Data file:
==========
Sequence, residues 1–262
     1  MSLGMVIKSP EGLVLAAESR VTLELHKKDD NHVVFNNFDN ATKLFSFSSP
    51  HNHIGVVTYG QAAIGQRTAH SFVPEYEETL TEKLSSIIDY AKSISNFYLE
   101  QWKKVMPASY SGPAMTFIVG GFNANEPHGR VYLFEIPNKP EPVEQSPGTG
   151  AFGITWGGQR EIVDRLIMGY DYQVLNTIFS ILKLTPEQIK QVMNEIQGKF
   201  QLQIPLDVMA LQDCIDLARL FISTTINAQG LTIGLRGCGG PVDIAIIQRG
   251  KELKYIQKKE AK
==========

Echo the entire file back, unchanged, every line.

Sequence, residues 1–262
     1  MSLGMVIKSP EGLVLAAESR VTLELHKKDD NHVVFNNFDN ATKLFSFSSP
    51  HNHIGVVTYG QAAIGQRTAH SFVPEYEETL TEKLSSIIDY AKSISNFYLE
   101  QWKKVMPASY SGPAMTFIVG GFNANEPHGR VYLFEIPNKP EPVEQSPGTG
   151  AFGITWGGQR EIVDRLIMGY DYQVLNTIFS ILKLTPEQIK QVMNEIQGKF
   201  QLQIPLDVMA LQDCIDLARL FISTTINAQG LTIGLRGCGG PVDIAIIQRG
   251  KELKYIQKKE AK